At his introductory press conference, new Tennessee Titans head coach Mike Vrabel made sure we knew about how much he loved football.

How deep is his love?

So deep that he was late for the birth of his own child.

Not only is Vrabel brand new to the head coaching fraternity, he’s fairly new to coaching altogether. At 42 years of age, the former NFL linebacker who played for the Steelers, Patriots, and Chiefs has barely dipped his toes into the coaching waters. He previously spent three years at Ohio State as a linebackers coach in 2011 and defensive line coach from 2012-2013 before spending three years as the Houston Texans’ linebackers coach.

Last season, Vrabel ascended to the role of defensive coordinator, and the Texan defense descended. Houston went from the 9th-ranked defense in 2016 to the 23rd-ranked defense, according to Football Outsiders. They went from allowing the 11th fewest points to allowing the most points.

Mike Vrabel as Houston’s Defensive Coordinator (Photo courtesy of the Associated Press)

Granted, Houston lost several key players to injury and free agency, but the fact remains that Vrabel’s lone season as a coordinator wasn’t a successful one.

Regardless of what happened last season, Vrabel enters the 2018 offseason in a foreign role. For the first time, it’s his responsibility to manage both a staff and roster. It’s a complicated job that requires countless hours of grueling preparation.

There are certainly more options, but here are three ways Vrabel can turn the Tennessee Titans into Super Bowl contenders.

Build Around Your Quarterback

Vrabel was having dinner with his family when his phone rang.

The person on the other line? Titans quarterback Marcus Mariota.

Vrabel’s next move? Leave the dinner table. After all, Mariota is now more important than each individual member of Vrabel’s family combined. Times infinity.

Marcus Mariota is coming off a rough 2017 season, where he posted career lows in touchdowns and QB rating (Photo courtesy of Getty Images)

The relationship between a quarterback and a head coach is essential. Every franchise yearns for a franchise quarterback because it’s the easiest path to long-term success. However, finding the right quarterback and pairing him with the right head coach is borderline an impossible task.

The level of chemistry between Vrabel and Mariota remains to be seen, but for the sake of argument, let’s assume it’s a perfect match. Once that’s evident, Jon Robinson and the entire organization needs to go all in on building around Mariota.

As I mentioned before, sustained success in the NFL is largely dependent on who’s taking the snaps. The most successful teams of the past decade — the New England Patriots, Pittsburgh Steelers, Green Bay Packers, and Atlanta Falcons — enjoy consistent success because they’re made the conscious effort to build around the most important position in sports.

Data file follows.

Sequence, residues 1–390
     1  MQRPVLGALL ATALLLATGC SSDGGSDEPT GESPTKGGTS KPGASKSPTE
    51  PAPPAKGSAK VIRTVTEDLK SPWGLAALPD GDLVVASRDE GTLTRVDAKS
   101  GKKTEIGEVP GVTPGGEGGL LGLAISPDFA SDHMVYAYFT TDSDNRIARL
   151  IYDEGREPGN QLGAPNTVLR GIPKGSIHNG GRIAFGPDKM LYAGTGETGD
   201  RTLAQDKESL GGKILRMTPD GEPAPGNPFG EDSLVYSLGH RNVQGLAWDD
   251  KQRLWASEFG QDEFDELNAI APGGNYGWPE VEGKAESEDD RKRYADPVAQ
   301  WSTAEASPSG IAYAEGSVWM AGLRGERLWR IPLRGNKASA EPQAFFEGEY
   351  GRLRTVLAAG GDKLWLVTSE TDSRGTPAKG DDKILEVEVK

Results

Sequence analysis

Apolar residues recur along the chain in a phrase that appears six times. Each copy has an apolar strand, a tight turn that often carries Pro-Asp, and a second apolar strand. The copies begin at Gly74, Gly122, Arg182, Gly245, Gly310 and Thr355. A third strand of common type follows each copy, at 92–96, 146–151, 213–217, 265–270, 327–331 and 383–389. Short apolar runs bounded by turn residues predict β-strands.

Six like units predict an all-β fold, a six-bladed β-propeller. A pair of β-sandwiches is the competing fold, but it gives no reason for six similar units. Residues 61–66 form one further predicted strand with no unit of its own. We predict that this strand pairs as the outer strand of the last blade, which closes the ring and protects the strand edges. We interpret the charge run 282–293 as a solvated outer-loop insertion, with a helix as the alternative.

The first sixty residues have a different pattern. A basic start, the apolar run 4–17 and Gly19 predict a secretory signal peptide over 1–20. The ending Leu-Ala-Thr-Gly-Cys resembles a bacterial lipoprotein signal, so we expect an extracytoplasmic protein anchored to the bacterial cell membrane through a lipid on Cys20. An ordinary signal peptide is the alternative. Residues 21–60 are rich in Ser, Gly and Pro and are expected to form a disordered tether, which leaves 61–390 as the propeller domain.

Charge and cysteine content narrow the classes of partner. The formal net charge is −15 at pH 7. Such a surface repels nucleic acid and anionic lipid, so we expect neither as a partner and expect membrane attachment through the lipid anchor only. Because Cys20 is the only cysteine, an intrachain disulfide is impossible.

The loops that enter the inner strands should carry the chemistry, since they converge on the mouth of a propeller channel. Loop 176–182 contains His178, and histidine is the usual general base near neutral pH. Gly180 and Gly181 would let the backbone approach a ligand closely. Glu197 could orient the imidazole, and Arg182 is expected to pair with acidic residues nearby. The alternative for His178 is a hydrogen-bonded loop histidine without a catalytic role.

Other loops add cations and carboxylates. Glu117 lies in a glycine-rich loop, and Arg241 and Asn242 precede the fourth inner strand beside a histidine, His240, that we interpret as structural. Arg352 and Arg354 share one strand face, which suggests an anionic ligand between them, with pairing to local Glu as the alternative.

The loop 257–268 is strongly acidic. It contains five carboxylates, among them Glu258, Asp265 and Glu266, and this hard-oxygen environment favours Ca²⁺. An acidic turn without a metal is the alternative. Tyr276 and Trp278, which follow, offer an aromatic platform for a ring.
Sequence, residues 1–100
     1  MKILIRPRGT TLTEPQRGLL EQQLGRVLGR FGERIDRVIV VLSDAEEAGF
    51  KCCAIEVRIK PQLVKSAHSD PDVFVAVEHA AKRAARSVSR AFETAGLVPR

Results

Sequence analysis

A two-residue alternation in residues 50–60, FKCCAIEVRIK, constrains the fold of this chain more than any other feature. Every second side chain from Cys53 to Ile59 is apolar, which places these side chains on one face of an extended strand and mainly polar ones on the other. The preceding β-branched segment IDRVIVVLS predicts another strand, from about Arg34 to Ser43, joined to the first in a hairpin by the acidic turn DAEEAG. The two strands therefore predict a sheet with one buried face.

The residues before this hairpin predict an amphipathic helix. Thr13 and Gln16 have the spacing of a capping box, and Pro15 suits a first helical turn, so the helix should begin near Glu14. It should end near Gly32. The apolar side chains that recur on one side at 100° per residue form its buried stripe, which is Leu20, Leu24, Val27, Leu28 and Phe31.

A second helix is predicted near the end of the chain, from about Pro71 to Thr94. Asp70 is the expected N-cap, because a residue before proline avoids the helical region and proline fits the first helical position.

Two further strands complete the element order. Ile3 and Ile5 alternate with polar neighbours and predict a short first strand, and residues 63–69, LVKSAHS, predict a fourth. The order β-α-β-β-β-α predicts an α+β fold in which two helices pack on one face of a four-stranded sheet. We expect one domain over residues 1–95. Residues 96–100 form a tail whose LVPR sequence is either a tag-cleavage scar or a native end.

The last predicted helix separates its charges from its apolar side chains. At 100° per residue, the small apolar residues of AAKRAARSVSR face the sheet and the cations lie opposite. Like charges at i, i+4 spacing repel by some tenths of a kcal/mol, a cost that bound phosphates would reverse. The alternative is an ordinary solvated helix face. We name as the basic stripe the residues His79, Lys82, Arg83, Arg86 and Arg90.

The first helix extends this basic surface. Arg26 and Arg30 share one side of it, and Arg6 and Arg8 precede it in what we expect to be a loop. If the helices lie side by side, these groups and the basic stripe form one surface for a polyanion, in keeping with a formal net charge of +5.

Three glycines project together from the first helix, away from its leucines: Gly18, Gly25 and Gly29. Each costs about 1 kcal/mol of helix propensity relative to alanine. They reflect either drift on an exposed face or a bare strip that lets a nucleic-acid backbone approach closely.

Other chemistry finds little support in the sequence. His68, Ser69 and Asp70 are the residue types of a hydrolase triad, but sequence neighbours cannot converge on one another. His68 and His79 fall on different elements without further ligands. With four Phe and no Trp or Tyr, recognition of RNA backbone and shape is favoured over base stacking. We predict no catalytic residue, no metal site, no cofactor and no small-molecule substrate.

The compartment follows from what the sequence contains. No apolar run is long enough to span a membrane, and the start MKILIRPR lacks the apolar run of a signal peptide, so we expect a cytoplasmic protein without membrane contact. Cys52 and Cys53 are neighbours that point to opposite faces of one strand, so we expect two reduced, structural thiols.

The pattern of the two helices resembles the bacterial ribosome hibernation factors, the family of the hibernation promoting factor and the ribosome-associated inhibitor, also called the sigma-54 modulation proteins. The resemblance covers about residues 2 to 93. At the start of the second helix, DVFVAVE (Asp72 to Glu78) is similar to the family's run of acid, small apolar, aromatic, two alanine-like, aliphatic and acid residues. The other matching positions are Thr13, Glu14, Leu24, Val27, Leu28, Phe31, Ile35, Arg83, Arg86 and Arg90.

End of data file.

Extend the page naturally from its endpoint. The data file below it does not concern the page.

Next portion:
Teams without franchise quarterbacks can still compete for Super Bowls in the modern era. The Philadelphia Eagles won the NFC Championship by 31 points behind the arm of Nick Foles, who out-dueled Minnesota’s Case Keenum. Jacksonville trotted out Blake freakin Bortles out every Sunday and still managed to make the AFC Championship.

In the absence of an elite signal caller, fluky championships are a possibility, but franchises that fail to invest in or around a franchise quarterback feature a brief Super Bowl contending shelf life.

Take a gander at Denver and Seattle. The Broncos won the Super Bowl in 2015 thanks to a historic defense. They then lost Peyton Manning to retirement and Brock Osweiler to free agency, leaving them with Paxton Lynch and Trevor Siemian. In a shocking turn of events, the Broncos are 14-18 over the past two seasons. From 2012-2015, they lost only 14 games.

Meanwhile, the Seahawks drafted a franchise quarterback in 2012 in Russell Wilson. At the same time, they also realized they had won the draft lottery by drafting a host of elite defensive players in the later rounds. Seattle then won a Super Bowl in 2013 by featuring a ton of upper-echelon players on cheap rookie contracts.

But when it came time to pay those players, what happened? Seattle decided to keep the band together on defense, and as a result, couldn’t afford to provide Wilson with enough help along the offensive line. From 2012-2014, the Seahawks went 36-12 and appeared in a pair of Super Bowls. Since 2015, they’re 29-18-1, a solid record, but have declined each season.